Did you know when you buy a tropical plant/houseplant, it has spent a significant amount of time being acclimated to better endure a low light situation? Why? Because it needs to be ready to live in the low light levels in our homes and offices. Our environments are much darker than those where the plants are grown in Florida or California.

Why acclimatization?

What does “being acclimated” entail? Tropical plants are just that –tropical. They are grown in subtropical and tropical areas such as Florida, California, Hawaii, and parts of South America. So, as you know, if you live in a northern area such as Michigan as I do, the intensity of the sunlight in a tropical climate is a bit different than ours. If I flew to Florida and went outside without sunscreen, I would burn to a crisp. Though the plants are coming FROM the intense sunlight to our low light homes and offices, the reaction can be comparatively the same. The plant will be shocked and there will be consequences. Instead of burning, the plants react by dropping leaves or having stunted and/or lopsided growth as they reach for the light. Plants that are struggling are also more susceptible to diseases and pest infestations. Houseplants need to be acclimatized by the grower for just those reasons.

ficus dropping leaves

Leaves drop off this ficus as it acclimates to its new situation in my home

How is a plant acclimated?

Plants destined for northern climes are placed under shade cloths that block a percentage of the light while they are growing. After speaking to a horticulturist at Costa Farms, I discovered that aglaonemas, peace lilies, and ZZ plants are grown under 80% light-blocking shade cloths, pothos under 73%, and crotons, fiddle leaf figs, and majesty palms under 63%. They become accustomed to living in lower light levels and so struggle less when they come to live in our environments.  Granted, a plant that is properly acclimatized may cost a bit more, but in the long run, it is worth it for the plant to be happy and healthier.

low light plants

Plants that have been acclimatized to tolerate low light levels

Further information

While researching this subject, I read a great lighting guide for indoor plants written by Shane Pliska of Planterra. Planterra is an award-winning interiorscape company. Though this white paper was written for professional interior plant professionals and architects, I found much of the information pertinent to our home environments.

Maintaining growth

Shane points out that plants for interiorscapes are installed to look finished from day one. Therefore, the end goal is for the plant to sustain and have slow to moderate growth. Therefore, it is important to pick the right plant for the lighting situation that one has to work with. The goal is not to have the plants take over or grow like crazy. We may want that in our homes when the plant is young, but we do not want our plant to outgrow the area we have for them. It is so sad when a plant becomes too large and we must decide what to do with it. On the other hand, we also do not want our plants to reach for the light or gradually decline because we chose the wrong place for the plant.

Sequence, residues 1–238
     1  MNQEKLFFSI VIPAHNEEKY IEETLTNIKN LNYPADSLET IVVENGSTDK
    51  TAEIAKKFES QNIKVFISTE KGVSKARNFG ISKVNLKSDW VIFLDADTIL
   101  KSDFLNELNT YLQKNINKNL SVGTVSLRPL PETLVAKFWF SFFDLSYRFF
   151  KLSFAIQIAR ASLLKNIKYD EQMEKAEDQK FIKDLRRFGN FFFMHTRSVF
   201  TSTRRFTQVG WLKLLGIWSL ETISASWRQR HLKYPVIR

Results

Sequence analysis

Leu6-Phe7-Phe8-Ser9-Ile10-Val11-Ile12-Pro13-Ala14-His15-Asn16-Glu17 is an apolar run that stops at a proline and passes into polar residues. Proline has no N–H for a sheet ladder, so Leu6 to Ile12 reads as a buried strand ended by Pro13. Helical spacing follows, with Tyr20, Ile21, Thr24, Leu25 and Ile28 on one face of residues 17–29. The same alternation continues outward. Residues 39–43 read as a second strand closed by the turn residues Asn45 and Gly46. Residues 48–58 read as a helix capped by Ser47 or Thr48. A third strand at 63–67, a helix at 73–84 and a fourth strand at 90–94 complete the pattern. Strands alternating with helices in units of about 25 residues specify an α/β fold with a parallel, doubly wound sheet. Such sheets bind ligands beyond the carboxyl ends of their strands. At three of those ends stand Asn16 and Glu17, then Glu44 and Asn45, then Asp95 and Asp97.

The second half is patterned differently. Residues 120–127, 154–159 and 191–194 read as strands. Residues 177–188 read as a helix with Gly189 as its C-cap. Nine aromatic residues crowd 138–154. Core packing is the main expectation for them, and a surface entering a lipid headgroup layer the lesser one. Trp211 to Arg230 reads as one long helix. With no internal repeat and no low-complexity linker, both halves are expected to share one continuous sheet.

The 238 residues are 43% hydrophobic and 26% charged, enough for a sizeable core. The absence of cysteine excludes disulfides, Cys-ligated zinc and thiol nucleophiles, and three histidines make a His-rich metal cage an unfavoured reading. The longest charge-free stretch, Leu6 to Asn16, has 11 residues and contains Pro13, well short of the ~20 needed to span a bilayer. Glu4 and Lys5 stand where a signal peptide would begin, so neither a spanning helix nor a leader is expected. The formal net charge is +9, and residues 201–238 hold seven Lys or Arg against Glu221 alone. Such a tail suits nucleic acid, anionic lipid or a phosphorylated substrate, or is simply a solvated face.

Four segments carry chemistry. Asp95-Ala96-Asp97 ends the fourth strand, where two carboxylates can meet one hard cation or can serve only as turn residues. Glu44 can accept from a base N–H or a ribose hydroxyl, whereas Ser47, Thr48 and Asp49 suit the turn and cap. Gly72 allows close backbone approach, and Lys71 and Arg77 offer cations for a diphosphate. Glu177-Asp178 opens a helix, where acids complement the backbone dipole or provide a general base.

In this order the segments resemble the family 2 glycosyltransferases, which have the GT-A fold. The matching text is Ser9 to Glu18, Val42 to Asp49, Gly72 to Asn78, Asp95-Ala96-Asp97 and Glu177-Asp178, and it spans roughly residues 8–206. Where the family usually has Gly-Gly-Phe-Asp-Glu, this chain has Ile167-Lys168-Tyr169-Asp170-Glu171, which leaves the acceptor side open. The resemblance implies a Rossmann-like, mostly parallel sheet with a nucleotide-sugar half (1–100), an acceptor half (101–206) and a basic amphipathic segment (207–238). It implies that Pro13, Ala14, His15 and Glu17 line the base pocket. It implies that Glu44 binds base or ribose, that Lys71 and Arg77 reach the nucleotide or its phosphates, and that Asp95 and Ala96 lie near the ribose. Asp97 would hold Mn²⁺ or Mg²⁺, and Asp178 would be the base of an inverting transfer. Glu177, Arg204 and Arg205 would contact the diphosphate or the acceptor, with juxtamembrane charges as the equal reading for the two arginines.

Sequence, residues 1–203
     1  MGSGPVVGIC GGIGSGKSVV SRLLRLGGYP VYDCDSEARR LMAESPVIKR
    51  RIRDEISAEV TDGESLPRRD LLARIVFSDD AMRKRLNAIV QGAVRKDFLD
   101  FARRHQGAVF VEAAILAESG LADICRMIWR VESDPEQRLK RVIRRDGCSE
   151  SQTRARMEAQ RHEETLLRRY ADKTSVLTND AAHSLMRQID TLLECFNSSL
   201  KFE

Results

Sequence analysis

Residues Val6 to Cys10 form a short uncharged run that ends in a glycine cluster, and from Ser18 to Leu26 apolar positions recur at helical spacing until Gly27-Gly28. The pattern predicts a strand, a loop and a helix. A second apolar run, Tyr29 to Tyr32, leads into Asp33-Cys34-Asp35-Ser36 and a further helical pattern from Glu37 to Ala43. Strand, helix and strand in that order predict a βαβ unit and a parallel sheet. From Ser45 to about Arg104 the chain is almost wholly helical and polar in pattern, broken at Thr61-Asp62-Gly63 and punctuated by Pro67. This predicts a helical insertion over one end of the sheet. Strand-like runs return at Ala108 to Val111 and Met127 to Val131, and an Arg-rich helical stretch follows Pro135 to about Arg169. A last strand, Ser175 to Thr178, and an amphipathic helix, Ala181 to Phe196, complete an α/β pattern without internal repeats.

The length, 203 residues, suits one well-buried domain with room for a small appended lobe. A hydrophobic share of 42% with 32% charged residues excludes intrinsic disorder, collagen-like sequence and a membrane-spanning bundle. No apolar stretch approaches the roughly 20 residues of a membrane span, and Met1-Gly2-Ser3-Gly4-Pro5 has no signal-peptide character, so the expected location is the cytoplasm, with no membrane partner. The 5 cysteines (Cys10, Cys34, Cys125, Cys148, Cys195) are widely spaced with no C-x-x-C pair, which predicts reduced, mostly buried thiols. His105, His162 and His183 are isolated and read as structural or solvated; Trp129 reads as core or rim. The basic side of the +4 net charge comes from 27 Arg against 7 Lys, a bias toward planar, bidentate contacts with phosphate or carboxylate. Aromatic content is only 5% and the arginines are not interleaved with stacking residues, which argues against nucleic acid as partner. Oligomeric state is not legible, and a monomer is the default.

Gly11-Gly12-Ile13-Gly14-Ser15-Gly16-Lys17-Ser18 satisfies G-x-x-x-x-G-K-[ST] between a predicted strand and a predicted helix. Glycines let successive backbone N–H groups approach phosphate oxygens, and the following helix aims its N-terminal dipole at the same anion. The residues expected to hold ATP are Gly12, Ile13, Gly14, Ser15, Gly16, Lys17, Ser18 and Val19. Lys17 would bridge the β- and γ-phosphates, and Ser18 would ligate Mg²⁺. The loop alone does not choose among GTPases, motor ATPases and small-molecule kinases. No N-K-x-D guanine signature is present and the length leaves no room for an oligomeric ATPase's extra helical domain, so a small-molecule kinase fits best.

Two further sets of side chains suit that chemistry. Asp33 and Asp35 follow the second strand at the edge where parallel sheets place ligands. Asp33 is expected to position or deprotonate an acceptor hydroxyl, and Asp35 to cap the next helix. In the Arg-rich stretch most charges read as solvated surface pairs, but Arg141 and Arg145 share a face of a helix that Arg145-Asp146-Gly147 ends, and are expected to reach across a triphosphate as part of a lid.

Ficus in an interiorscape

Ficus in a local office building

Windows

One thing I learned is that windows have different kinds of glass. Rarely do we have clear glass any longer and most have some kind of glazing or coating on them for energy efficiency. I hadn’t thought about it, but this affects the amount of light our plants receive through the window.

East window plants

Plants basking in the sun

I’m especially glad Shane mentioned window orientation. That is the first thing I inquire about when someone asks me for a plant recommendation. Which way does your window face? Many people have NO idea, which boggles my mind. North, south, east, or west? It is important to know because this will be an indication of whether you will need a high, medium, or low light plant.

What if you don’t have many windows?

If you don’t have many windows or they receive very little light because of mature trees, or light-blocking buildings, there is always electric light. Shane gives you the low down on lights of all kinds as there are many to choose from. Lights should be placed above your plants and for the best results, they need to be on at least 10-12 hours per day. Whereas uplighting looks nice, it does nothing for your plant. I have plants growing on light stands and use a timer, so they get the same amount of light every day. After you have decided how much light you have from all sources, Shane has included lists of plants for low, medium and low light situations.

African violets under lights

Even if you have windows without enough light, you can grow plants under electric lights.

We all need a little green

My favorite part of the paper is this, “A plant is like the canary for the modern workplace (home). If there is enough light to support plant life, there is enough light to support a healthy and productive environment for people, too.” My motto in life is “we all need a little green in our lives.” It’s true. If you have plants, you are going to be happier and more productive. It is a proven fact.

Check out the Planterra Lighting Guide for Interior Landscape Design by Shane Pliska and you will find some great information about lighting that will lead to success when determining the amount of light you need for the plants in your home.

Pin It on Pinterest

Share This